History of the Napa Valley

From the time of Spanish explorers in the 1500‘s to the gold rush of the 1850’s and the birth of modern filmmaking in Hollywood, California has been a coast of opportunity for hundreds of years. With its global prestige, it might be hard to imagine that the Napa Valley, which is 30 miles inland at the northern end of the San Francisco Bay, only earned global appreciation in the 1960s.

Perfect Mediterranean Climate

Before then, only a few attempts were made to leverage the valley’s Mediterranean climate for winemaking, which benefits from very warm summers, mild winters, and limited precipitation. Vine disease, Prohibition, and the Great Depression made grape-growing economically infeasible until the middle of the 20th century.

Glass of California, Napa Valley red wine. Opu...
Glass of California, Napa Valley red wine (Wikipedia)

Still, Napa’s soil, topography, and microclimate variety is undeniable, and Napa growers who appeared at the Paris Wine Tasting of 1976 solidified Napa’s place among the global wine regions. The event, dubbed “the Judgment of Paris,” resulted in California wines rating the best in each of the two blind-taste-test categories. In the red wine category, California’s Cabernet Sauvignon’s beat out France’s Bordeaux, even more surprising given that the counted scores all came from French judges.

What Grows in Napa and Where to Visit

The most widely planted varietal in Napa is Cabernet Sauvignon, comprising almost 20,000 acres of the Valley’s 45,000 total acres. The rest are varieties of Merlot, Pinot Noir, Zinfandel, Cabernet Franc, Syrah, Chardonnay and Sauvignon Blanc, carefully selected to avoid the plague of vineyard viruses that ravaged Napa Valley in the late 1800s and 1990s.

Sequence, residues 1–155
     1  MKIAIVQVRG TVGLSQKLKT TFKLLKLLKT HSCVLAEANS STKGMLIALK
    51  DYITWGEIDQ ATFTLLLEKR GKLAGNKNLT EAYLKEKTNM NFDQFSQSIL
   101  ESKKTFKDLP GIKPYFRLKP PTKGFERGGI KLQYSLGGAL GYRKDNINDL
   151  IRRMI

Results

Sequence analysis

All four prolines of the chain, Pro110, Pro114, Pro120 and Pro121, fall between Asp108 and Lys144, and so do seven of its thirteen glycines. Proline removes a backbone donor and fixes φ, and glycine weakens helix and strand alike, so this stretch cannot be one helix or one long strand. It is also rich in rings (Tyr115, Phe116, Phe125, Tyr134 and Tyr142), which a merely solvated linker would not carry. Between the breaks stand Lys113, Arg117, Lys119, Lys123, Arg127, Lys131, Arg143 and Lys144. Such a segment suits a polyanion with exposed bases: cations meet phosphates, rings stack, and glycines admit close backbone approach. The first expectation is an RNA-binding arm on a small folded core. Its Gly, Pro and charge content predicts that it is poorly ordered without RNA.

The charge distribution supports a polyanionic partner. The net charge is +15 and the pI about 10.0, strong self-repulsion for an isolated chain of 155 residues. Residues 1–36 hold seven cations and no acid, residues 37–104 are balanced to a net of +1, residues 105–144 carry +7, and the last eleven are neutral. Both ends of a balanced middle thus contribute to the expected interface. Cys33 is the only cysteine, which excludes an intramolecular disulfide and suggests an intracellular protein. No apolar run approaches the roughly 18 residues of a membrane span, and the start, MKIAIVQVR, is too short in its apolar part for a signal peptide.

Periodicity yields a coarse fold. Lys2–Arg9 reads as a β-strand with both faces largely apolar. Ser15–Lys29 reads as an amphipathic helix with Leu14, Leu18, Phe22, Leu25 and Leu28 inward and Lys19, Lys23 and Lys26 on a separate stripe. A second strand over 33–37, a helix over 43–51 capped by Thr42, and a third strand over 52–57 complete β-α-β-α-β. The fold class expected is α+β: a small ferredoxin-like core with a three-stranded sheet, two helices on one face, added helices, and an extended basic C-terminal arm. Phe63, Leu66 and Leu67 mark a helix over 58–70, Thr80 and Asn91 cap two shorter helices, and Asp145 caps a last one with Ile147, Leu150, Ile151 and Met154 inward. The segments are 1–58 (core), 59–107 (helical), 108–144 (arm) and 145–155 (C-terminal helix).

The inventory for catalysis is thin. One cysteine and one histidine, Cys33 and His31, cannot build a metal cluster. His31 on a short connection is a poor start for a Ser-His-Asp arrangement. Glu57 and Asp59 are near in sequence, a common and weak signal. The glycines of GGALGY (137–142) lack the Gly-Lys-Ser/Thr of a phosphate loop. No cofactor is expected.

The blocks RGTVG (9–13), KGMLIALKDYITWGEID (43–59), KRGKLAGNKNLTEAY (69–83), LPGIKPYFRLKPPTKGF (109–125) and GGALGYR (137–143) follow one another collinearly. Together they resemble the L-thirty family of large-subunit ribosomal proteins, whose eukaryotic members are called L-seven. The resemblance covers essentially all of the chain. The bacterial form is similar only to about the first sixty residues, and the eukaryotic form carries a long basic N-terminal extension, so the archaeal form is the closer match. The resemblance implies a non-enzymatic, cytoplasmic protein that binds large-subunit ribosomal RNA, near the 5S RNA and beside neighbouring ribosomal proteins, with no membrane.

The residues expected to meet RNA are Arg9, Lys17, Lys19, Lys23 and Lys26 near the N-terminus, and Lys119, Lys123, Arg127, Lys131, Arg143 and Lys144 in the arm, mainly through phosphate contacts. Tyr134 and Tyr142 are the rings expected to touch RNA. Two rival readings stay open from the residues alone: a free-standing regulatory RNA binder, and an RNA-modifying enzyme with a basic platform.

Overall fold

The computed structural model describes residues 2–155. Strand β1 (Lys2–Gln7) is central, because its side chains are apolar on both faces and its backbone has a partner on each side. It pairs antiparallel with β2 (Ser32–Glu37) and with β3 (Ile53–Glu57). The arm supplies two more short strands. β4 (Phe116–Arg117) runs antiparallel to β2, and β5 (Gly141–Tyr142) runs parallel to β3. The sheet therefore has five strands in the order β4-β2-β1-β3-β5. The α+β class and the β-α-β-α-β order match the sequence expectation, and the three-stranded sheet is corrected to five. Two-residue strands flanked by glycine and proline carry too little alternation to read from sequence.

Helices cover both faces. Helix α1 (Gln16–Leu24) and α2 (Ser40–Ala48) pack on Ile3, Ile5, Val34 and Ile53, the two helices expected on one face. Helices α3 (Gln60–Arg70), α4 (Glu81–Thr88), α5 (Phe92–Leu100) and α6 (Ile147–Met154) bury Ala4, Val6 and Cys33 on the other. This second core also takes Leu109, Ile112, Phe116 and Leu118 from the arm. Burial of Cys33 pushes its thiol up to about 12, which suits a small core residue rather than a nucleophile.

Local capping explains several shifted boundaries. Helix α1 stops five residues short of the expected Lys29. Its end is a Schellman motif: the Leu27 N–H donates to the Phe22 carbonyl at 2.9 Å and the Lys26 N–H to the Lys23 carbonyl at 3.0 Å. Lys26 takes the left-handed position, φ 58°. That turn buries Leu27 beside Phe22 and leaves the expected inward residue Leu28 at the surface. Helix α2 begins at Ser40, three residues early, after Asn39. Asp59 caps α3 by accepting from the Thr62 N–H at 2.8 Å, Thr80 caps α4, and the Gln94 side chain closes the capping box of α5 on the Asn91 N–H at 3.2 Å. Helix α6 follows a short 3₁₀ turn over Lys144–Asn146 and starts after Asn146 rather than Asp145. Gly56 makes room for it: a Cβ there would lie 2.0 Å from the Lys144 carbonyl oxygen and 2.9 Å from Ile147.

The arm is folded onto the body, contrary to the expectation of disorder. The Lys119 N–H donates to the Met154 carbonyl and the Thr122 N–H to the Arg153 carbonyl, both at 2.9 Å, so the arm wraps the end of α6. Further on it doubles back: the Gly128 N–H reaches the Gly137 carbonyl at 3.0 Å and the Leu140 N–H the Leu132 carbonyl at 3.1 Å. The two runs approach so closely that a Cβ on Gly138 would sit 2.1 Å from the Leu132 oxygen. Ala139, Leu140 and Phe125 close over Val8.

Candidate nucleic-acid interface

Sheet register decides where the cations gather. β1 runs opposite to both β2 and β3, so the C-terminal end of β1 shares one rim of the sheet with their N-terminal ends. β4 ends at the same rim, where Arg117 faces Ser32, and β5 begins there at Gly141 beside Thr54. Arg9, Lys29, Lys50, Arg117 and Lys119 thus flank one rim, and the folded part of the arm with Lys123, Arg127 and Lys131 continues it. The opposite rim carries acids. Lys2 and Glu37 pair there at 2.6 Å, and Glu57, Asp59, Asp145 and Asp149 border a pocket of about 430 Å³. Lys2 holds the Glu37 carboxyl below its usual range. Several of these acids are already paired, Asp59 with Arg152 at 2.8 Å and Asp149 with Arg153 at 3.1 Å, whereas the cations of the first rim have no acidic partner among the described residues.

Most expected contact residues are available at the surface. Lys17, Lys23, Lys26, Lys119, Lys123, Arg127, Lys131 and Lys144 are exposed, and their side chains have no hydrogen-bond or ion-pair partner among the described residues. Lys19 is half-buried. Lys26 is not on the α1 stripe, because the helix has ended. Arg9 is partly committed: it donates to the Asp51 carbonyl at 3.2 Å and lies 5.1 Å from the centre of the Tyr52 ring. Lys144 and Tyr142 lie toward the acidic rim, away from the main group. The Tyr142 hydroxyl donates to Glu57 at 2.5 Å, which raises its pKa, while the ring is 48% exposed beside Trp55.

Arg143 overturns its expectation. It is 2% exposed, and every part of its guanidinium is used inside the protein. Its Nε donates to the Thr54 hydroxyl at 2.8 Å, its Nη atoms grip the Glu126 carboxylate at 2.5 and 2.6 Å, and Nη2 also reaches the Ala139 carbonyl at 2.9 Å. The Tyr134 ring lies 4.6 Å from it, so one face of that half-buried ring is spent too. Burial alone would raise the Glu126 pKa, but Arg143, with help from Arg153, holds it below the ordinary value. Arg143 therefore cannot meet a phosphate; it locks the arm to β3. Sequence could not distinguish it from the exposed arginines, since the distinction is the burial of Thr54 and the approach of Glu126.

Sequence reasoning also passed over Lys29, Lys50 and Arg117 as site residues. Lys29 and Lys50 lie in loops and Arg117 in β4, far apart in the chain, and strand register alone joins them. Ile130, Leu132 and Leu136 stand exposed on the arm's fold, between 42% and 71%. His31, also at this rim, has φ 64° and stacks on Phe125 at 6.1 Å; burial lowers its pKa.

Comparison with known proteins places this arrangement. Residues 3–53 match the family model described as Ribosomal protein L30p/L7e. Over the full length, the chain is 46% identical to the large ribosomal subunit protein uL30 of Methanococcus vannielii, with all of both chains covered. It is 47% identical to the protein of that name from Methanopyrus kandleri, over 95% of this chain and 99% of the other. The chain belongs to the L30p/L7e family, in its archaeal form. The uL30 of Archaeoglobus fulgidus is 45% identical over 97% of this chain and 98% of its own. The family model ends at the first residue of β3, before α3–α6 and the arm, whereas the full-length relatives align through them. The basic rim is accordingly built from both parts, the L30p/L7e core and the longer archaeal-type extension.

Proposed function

Some of Napa’s popular wineries are the Beringer Vineyards in St. Helena, the Robert Mondavi Winery in Oakville, and the V. Sattui Winery, also in St. Helena and encouraging of picnicking while you enjoy their wines.

On an intimate scale is the Black Cordon Vineyards, started by a couple in the late 70s whose lesser known but well-scored cabernet is described as velvety and rich. David and Karen Dunphy made the foothills of Mayacamas Mountains their home and bring balance among their wine’s fruit, acidity, and tannins. Their Cabernet Sauvignon is sold alongside a Chardonnay, born of grapes from the Russian River and Sonoma Coast appellation because of its cooler growing areas.

More gregarious is the Calistoga landmark property of Chateau Montelena, aptly named for its massive French-style chateau atop a hill. Chateau Montelena was put on the wine-making map when it won the white wine section of the Judgment of Paris competition and has come to produce 36,000 cases each year.

Andy Beckstoffer is known as one of the “most powerful” wine growers in the Napa Valley, if only because he owns over a 1000 acres of land under the Beckstoffer Vineyards name. His philosophy of focusing on the resulting wine rather than the grape itself has served him well for 30 years. Beckstoffer leverages his ability to make great Sauvignon Blanc’s to influence industry organizations to stay true to its roots and avoid over-catering to on-premises hospitality opportunities, which drive short-term profit at the risk of long-term sustainability.

English: Napa_Valley_Photo_D_Ramey_Logan If us...
Photographer D Ramey Logan (Photo credit: Wikipedia)

Future Obstacles to Napa Dominance

People as passionate as Beckstoffer make the Napa Valley fabric of growers a powerful group globally. Their cries for climate change awareness and management go noticed because of how increasing temperatures and changes in precipitation patterns are already re-shaping the wine industry globally. Recent studies by Conservation International suggest that suitable wine regions in France, Italy, and Mediterranean Europe might shrink by as much as 85 percent by the middle of this century.

Despite climate threats, many Napa farmers are confident in their ability to adapt and are already working toward adjusting their canopy and water management systems. For years to come the Napa Valley can be trusted as the seat of America’s wine industry.